Appendix 2. Intrauterine balloon tamponade

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    2.1 Indication

    Postpartum haemorrhage due to uterine atony, when uterotonics fail to control bleeding.


    An intrauterine balloon is used to reduce intrauterine bleeding and avoid haemostasis hysterectomy.


    In a BEmONC facility, an intrauterine balloon can be used to stabilize the patient before referring her to a CEmONC facility.

    2.2 Contra-indications

    • Uterine rupture
    • Purulent infection of the vagina, cervix or uterus

    2.3 Balloon catheter placement

    • Assess the need for analgesia/anaesthesia.
    • Apply antiseptic solution (10% povidone iodine) to the perineal area.
    • Remove any blood clots from the uterus (uterine exploration).
    • Insert a Foley catheter.
    • Estimate the size of the uterus and record it (for monitoring).
    • Insert a speculum. Insert the (uninflated) balloon into the uterus, either manually or with atraumatic forceps. Make sure that the entire balloon passes the internal cervical os.
    • Inflate the balloon with sterile, room temperature 0.9% sodium chloride, until it can be seen in the cervix (typically, 250 to 300 ml, 500 ml maximum); record the volume used).
    • Apply gentle traction to the catheter and tape the end to the patient's thigh.
    • Connect the drainage port to a fluid collecting bag (urine bag) to monitor haemostasis.


    2.4 Associated treatment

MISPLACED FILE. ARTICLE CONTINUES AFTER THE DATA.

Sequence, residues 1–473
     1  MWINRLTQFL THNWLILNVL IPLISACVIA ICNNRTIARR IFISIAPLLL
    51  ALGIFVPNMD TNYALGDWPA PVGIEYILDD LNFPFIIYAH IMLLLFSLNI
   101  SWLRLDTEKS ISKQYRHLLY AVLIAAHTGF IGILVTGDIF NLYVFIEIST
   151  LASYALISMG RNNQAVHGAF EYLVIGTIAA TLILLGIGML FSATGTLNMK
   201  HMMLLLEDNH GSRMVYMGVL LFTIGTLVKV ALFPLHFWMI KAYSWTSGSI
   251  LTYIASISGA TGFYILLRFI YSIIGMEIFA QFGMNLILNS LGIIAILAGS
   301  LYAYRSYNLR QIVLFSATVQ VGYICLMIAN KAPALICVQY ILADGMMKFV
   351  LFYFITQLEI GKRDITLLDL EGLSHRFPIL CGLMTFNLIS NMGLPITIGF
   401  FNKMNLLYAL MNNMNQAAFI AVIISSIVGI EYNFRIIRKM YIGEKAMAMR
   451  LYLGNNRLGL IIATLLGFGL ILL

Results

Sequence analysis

• Continuous infusion of oxytocin: 20 to 40 IU depending on the dose already administered (max. 60 IU total dose) in 1 litre of Ringer lactate or 0.9% sodium chloride over 8 hours (42 drops/minute).
    • Antibiotic treatment: ampicillin IV 1 g + metronidazole IV infusion 500 mg or amoxicillin/clavulanic acid IV (dose expressed in amoxicillin) 1 g, every 8 hours, until the balloon is removed.
    • Start or continue blood transfusion to correct anaemia.

    2.5 Patient follow-up

    Hourly monitoring: vital signs, urine output, fundal height, vaginal bleeding, volume of blood collected in the collecting bag, SpO2 (if available).


    If there is no blood flowing into the collection bag but the fundal height is increasing, the catheter may be blocked by clots: check to make sure it is open by instilling 15 to 30 ml of sterile 0.9% sodium chloride.


    If there is no blood flowing into the collection bag, no vaginal flow, no increase in fundal height and the patient is stable, the bleeding is controlled: leave the balloon in place for 24 hours.
    After 24 hours, remove half the injected volume from the balloon and check bleeding and vital signs after 30 minutes:

    • If there is no visible bleeding and the patient is stable, completely deflate and remove the balloon.
    • If the bleeding starts up again, re-inflate the balloon for another 6 to 8 hours and/or consider surgery.


    If the initial tamponade fails or the bleeding starts again while the inflated balloon is still in place, surgical treatment is indicated.